Excerpted from an Epstein Becker Green Blog by Adam S. Forman, Alexander J. Franchilli and Janae Barrett

Recently, the Sixth Circuit found that the Fair Credit Reporting Act (FCRA) preempted a former employee’s state law defamation claim against his former employer. While the FCRA can impose burdensome requirements on the entities that fall within its scope, including consumer reporting agencies (CRAs), furnishers, or users of consumer reports, the FCRA can also serve as a shield against certain state law tort claims.

In McKenna v. Dillion Transportation, LLC, plaintiff, a truck driver named Frank McKenna, sued his former employer, Dillon Transportation, LLC, for defamation, alleging that Dillon improperly reported to HireRight, LLC, a background checking company that he had been involved in a trucking  accident resulting in his inability to obtain future employment. Dillon moved to dismiss the lawsuit on the grounds that the FCRA preempted McKenna’s claim. Specifically, Dillon argued that Section 1681t(b)(1)(F) prohibits states from imposing a requirement or prohibition “with respect to any subject matter regulated under” Section 1681s-2, the FCRA section relating to furnishers’ responsibilities. The district court agreed with Dillon and McKenna subsequently appealed.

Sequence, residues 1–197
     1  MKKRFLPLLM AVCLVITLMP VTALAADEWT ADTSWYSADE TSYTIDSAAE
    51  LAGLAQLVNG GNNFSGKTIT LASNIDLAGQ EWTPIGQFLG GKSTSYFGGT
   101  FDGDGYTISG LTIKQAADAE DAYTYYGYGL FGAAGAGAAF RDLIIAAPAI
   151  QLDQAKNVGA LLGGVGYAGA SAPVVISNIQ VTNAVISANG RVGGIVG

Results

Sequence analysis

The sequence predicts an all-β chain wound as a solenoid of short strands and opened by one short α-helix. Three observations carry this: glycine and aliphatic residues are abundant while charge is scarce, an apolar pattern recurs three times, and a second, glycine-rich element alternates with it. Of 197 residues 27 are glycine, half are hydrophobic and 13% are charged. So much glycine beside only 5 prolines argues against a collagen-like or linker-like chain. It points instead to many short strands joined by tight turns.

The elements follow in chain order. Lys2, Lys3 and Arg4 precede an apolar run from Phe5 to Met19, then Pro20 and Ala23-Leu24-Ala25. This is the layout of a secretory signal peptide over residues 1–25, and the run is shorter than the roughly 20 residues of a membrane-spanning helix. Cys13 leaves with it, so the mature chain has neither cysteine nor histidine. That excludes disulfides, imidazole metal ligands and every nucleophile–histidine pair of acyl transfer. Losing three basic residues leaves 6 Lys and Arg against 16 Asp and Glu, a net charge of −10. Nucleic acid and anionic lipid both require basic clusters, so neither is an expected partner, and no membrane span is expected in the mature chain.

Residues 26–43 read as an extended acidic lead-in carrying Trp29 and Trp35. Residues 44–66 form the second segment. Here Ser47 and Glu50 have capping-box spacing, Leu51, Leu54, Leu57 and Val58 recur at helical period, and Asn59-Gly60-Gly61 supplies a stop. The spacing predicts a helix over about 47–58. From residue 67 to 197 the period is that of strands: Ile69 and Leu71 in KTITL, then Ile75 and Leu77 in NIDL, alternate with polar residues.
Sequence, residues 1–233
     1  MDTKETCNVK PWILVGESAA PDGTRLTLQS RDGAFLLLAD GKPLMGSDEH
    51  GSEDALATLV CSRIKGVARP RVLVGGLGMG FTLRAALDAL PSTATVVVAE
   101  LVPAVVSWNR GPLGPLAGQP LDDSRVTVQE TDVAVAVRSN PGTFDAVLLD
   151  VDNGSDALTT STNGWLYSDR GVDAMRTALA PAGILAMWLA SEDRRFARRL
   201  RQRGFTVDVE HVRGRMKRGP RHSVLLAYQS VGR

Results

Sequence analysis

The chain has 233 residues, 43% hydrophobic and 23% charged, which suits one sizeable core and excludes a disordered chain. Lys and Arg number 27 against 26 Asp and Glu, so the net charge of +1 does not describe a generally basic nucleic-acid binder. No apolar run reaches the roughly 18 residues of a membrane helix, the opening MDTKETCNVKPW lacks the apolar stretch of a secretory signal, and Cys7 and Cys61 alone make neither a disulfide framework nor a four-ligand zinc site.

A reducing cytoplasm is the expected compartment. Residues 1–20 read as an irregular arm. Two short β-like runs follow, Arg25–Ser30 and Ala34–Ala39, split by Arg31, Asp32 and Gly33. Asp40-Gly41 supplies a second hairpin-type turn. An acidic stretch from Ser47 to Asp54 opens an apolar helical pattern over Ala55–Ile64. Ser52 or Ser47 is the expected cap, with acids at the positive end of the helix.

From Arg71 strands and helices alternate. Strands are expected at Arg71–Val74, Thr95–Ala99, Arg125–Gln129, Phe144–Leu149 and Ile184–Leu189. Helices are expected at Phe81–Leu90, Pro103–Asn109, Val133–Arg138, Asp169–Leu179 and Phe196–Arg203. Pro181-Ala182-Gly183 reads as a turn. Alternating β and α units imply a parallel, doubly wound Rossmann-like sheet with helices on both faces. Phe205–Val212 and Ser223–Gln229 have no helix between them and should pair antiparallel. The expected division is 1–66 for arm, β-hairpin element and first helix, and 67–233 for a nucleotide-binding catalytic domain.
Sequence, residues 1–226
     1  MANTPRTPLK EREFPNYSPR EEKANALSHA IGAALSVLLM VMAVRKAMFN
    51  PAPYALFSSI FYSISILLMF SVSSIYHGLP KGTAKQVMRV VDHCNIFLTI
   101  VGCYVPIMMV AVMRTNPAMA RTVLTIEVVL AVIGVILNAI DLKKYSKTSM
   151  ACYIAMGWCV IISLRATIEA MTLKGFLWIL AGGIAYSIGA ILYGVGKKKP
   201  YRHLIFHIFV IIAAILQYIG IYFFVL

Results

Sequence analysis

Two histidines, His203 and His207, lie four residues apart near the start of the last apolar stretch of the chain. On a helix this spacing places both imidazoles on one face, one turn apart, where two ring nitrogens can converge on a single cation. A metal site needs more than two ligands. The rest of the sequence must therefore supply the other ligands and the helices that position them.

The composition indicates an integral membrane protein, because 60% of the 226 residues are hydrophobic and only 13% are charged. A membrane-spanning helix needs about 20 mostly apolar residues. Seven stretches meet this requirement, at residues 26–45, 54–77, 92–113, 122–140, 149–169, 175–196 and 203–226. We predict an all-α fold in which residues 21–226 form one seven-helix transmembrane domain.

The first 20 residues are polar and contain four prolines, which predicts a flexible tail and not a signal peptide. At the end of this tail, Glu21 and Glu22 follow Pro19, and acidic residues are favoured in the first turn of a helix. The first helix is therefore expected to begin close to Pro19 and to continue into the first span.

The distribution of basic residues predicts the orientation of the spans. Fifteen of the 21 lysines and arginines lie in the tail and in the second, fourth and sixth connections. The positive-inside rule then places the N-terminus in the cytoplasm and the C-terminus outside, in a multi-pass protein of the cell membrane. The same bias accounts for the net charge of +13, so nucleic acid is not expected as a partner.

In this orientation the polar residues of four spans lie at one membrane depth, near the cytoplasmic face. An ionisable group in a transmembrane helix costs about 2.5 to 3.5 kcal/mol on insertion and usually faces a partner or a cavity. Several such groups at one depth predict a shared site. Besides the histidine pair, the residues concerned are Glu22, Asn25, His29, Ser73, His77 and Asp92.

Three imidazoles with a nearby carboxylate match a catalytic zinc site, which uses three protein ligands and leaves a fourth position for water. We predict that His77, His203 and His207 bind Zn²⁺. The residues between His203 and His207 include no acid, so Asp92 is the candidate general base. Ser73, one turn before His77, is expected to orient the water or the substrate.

Affirming the district court, the Sixth Circuit explained that the FCRA “preempts state common law claims involving a furnisher’s reporting of information to consumer reporting agencies” and found that the district court properly concluded that McKenna was a consumer, Dillon was a furnisher, and HireRight was a CRA. Notably, the Court found that the definition of CRA “generally includes companies like HireRight that sell employment-history reports.” The Court also rejected McKenna’s alternative argument that Department of Transportation regulations, which he argued would have authorized his lawsuit, took priority over the FCRA. According to the Court, it could harmonize both statutes, and FCRA preemption would still control.

McKenna shows how FCRA preemption can provide protection in some cases for employers against potentially costly state tort actions. It also demonstrates judicial willingness to apply the provisions of the FCRA to employee background check companies.

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